it was only a matter of time before i made the ubiquitous grainline studio archer in a fabulous silk print. i prefer not to waste my precious fabrics on untested patterns, and since i’ve made the archer so. many. times. i felt no hesitation slicing into this beautiful yardage of silk crepe de chine. i love a good polka dot, but i ADORE an irregular polka dot. throw in the squiggly lines around those dots and i was a gonner. oh, and i got it for $10/yd at my local sewfisticated. their selection can be hit or miss, but it’s rare that i walk out of that place without at least one unique gem of a fabric at a stellar price.
i knew immediately that i wanted a sleeveless archer, having recently made one with good results (sadly, pilling beyond all rationality so it mostly stays home—sob!). since i was dealing with a floaty semi-sheer silk, i made sure to pick up some fine sewing thread (they carry it at joanns, chances are you just haven’t noticed). i recall from David Coffin’s Shirtmaking book that he suggests using a finer thread than your regular all purpose coats & clark.
i have to say that it made a world of difference. in previous silk makes it was very difficult to sew without the seams puckering up, even if only slightly. the fine thread i used here did well gliding through the fabric without snagging or puckering. see, it’s not only necessary to use the proper needle, but the proper thread as well! it also made my topstitching look excellent, if i do say so myself. and ya’ll know how much i love my topstitching. 😉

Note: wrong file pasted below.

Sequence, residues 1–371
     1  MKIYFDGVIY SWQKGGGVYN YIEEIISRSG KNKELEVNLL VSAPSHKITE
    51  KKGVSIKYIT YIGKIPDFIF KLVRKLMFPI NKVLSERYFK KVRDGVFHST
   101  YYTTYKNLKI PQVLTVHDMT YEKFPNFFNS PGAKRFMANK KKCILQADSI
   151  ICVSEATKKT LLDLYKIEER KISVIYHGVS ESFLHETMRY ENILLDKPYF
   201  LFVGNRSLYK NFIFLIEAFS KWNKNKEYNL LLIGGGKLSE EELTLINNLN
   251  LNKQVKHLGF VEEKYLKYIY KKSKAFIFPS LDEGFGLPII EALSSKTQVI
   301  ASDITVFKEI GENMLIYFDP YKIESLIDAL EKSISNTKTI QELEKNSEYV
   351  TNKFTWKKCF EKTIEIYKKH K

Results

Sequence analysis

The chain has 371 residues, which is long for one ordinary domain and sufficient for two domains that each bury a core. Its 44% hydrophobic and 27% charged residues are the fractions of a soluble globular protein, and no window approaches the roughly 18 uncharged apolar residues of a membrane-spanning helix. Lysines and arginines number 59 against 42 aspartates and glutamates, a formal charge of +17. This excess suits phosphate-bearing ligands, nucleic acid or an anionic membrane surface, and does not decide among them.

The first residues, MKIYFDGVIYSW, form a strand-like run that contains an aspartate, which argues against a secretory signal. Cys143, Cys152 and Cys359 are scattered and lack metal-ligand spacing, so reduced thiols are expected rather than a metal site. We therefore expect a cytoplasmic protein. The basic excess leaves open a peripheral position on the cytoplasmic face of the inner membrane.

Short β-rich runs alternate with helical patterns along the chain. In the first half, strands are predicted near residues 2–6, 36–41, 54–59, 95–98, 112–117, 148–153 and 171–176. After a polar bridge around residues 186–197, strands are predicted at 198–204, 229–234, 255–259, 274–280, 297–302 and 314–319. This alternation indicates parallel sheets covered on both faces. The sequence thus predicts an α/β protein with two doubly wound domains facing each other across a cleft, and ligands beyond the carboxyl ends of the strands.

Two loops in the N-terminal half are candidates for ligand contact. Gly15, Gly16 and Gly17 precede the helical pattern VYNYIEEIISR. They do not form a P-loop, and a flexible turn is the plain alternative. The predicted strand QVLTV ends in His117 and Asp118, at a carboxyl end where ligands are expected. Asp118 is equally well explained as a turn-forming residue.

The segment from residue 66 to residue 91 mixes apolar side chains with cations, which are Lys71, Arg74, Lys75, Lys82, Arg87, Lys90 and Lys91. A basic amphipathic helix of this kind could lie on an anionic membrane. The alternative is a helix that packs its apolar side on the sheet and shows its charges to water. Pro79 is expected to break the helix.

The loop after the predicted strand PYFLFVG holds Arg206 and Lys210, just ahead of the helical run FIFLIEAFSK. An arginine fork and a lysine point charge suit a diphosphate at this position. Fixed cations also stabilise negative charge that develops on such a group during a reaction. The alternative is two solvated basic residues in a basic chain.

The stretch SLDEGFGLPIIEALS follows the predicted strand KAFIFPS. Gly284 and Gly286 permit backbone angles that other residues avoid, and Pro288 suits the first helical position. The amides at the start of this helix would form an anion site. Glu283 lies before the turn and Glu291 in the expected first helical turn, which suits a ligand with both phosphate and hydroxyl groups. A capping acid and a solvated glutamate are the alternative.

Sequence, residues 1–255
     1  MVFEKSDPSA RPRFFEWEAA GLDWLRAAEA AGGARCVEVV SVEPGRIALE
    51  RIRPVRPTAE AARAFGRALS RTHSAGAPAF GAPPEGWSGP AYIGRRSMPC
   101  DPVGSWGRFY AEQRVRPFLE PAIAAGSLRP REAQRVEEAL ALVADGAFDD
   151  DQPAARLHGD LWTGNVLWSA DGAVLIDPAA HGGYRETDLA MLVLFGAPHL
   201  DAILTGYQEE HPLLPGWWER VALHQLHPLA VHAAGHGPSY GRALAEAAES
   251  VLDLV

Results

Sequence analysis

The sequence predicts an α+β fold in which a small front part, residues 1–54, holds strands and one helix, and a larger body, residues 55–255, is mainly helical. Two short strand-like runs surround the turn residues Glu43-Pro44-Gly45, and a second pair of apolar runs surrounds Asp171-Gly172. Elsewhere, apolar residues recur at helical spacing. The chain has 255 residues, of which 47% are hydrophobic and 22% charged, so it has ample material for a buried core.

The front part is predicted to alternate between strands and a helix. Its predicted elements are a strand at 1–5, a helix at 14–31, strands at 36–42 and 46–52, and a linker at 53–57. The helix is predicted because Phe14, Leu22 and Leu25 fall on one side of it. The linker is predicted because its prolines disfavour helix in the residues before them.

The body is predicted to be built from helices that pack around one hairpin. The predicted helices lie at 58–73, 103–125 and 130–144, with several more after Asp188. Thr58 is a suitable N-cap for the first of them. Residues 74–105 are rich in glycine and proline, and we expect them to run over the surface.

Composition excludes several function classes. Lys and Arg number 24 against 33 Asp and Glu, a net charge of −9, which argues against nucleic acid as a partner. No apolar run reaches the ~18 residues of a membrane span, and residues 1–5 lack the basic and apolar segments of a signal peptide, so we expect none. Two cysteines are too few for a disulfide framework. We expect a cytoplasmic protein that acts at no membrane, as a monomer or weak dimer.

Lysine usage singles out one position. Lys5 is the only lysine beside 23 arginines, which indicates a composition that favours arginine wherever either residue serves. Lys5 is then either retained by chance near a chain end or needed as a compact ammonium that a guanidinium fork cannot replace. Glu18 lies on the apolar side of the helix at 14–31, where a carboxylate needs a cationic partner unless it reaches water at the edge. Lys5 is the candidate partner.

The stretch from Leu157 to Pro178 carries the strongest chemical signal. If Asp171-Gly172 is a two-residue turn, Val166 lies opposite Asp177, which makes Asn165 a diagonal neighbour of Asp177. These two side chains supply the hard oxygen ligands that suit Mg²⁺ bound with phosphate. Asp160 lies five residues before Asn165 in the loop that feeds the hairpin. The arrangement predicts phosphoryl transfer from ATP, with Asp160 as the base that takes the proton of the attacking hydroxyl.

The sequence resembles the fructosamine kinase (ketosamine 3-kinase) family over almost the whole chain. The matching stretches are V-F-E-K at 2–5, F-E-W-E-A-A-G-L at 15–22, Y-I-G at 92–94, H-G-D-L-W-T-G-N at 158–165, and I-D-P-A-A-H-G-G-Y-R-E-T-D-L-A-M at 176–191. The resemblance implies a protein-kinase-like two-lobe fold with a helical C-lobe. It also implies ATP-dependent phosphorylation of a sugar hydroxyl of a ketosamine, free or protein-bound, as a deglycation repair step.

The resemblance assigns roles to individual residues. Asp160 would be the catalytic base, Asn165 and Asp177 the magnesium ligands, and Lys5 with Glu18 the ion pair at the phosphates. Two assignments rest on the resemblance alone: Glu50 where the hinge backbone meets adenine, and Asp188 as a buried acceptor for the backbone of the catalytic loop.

speaking of topstitching, typically you want to increase the stitch length. however, in shirtmaking, especially with dressier shirts, you actually decrease the stitch length (2-2.5 setting on my machine). go pull out one of your hubby/significant other’s business shirts and you’ll see what i mean. a shorter stitch length and a finer sewing thread will give you a most professional finish.
i messed around with the button position in order to add one extra button down the front. from the original pattern, i’ve lengthened the shirt by about 1″ and that always left a weird space at the bottom. my second button ends up a little higher than i’d really prefer, but eh, no biggie.
i had to be extra careful about my seam trimming since you can see the seam allowances through the semi-sheer fabric. i took my time and kept them at about 1/4″. the yoke is fully encased, and the side seams are frenched. no exposed seam allowances means it looks nice and tidy on the inside. honestly, this is one of my best finished shirts and i’m quite proud of it.
despite taking my time i was still able to sew it completely in about 3 sittings. without those pesky sleeves to deal with, it sews up pretty fast. also, silk crepe de chine is a good silk to work with. it has a nice grip which makes sewing pretty painless, really. the bias binding is a different story, but you could always sub a cotton voile for those bits. plus, silk blouses are just heaven to wear! i plan to get loads of use out of this top.